What year is this, anyway? Who threw the calendar into reverse? And how can the rest of us get on that ride?

For the first handful of holes at the Tour Championship on Saturday, it was beginning to look just a little like 1997, when a 21-year-old began writing his own myth, lapping the Masters field, winning by a dozen strokes.

It could be 2000, when that same budding phenomenon won a U.S. Open by 15 shots.

Or 2001, when he finished off a personal Grand Slam by making the Masters his fourth consecutive major victory. Or 2006, when he set a PGA Championship record with only three bogeys in four days. Or 2007, when he was a one-man wildfire scorching East Lake, shooting 23 under for four days and winning the Tour Championship by eight shots.

Certainly not 2018, which Tiger Woods entered with a medical file as thick as a 28-ounce porterhouse and the personal life that once made him must reading in the grocery check-out line for months.

Yet it can be reported with reasonable certainty that Woods indeed was the one at East Lake shooting the day’s low round of 65 on Saturday, borrowing just a bit from all those past days of competitive tyranny and grabbing this Tour Championship by the seat of its sharply pleated pants. At 12 under, he’ll report to Sunday with a three-shot lead over the European tag team of Rory McIlroy and Justin Rose.

Over the front nine Saturday, this wasn’t so much a round of golf as it was a revival. It was the launch party for the next installment of the Woods saga, the one where he rises from spinal-fusion surgery and the very real thought that he never would play again, only to make the rest of these pros at times look like they’re playing croquet.

Woods was wearing his throwback game Saturday, looking to all the world like the young, vintage Woods who used to turn tournaments into his own personal aria. The only thing that gave him away was when he lifted his cap to mop his brow and revealed the thinning lawn up top.

Woods made no secret of his intent to hijack the third round. He came off the first tee box like Usain Bolt. How about six birdies on his first seven holes? He really messed up on the par-3 second, though, two putting for par from 45 feet.

“Yeah, I got off to a nice start there,” he deadpanned.

He birdied employing the longish putt, finishing off No. 1 with a 23-footer and No. 3 with a 21-footer. Woods finished the day best in the field in strokes gained putting.

“I’ve been hitting the ball pretty well, and I’ve been streaky with my putter,” he said in a synopsis of his year. “I’ve had hot stretches, but I haven’t been consistent day in and day out. This week I have been consistent.”

He birdied by turning iron into gold, firing at the pin on No. 7 out of a fairway bunker 172 yards downrange, and sticking it to five feet.

He birdied by displaying the kind of control off the tee that has often abandoned him in this comeback (10 of 14 fairways hit, third in the field in strokes gained off the tee).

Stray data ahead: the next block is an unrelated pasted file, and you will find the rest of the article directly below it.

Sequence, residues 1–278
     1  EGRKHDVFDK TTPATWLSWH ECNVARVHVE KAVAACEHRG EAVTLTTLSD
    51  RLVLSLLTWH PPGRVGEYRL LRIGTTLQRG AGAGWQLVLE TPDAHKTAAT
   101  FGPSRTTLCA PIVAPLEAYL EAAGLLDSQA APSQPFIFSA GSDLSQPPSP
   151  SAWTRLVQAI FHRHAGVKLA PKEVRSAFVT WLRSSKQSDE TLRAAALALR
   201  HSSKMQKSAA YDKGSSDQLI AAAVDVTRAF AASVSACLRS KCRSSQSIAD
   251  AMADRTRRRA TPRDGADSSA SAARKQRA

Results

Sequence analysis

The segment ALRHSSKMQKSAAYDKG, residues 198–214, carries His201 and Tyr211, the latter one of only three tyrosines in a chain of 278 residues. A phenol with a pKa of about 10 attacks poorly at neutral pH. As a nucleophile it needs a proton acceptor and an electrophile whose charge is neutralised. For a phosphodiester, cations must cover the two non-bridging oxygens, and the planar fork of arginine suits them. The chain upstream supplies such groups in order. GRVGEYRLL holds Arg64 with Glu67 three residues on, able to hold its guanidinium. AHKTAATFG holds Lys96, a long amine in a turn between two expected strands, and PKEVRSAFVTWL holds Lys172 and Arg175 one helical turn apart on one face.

And then he bogeyed the par-3 ninth, unable to get up and down from well off the green, if only to give what was happening a hint of humanity.

After a front-nine 30, he retreated a bit. In fact, following the six-birdie light show, Woods was over par his last 11 holes.

But before he retired, he did want to hit one last drive 349 yards – on the downhill 18th – just to show that the old back still had some pop to it. The hole that had treated him so well the first two days let him down, though, when he dumped his second shot into a greenside bunker and could not get up and down for a closing birdie.

The overall affect was to put Woods in a position he hasn’t been in since his last PGA Tour victory in 2013 – holding a 54-hole lead. Unlike other flashes this year that put him momentarily in contention, he now is the clear front-runner late in the going. He has a lifetime record of 53-4 when holding at least a share of the 54-hole lead.

“Simple math says that if I play a clean card, the guys behind me have to shoot 67 to force it into extra (holes),” Woods said. “That helps. I don’t have to shoot 63 or 64 and hope I get help. That’s a big difference.”

There are a couple of very notable players who will try to muddy the picture Sunday. His Saturday playing partner, Rose, remains in the best position to win the $10 million FedEx Cup bonus, even if he doesn’t overtake Woods to win the tournament. Not that he is willing to just let the best story play through him.

“I’ve been saying for a while now, he’s playing easily well enough to win, and it’s just a matter of time,” said Rose, who got off to a bogey-bogey start Saturday, but fought back to a 68. “You just don’t want it to be on your watch, you know.”

Woods and Rose had been paired up three previous times this season, with the Englishman winning the head-to-head each time. The script was well and truly flipped Saturday.

It will be McIlroy’s turn to pair with Woods on the final round, after he turned in a 66 on Saturday. This will be the first time they have been paired in the final round of a PGA Tour event.

“It’s going to be fun,” Woods said. “We haven’t done that much of late because I’ve not been there.”

It goes without saying, but Woods went on to say it anyway: “I would love to be able to win this event.”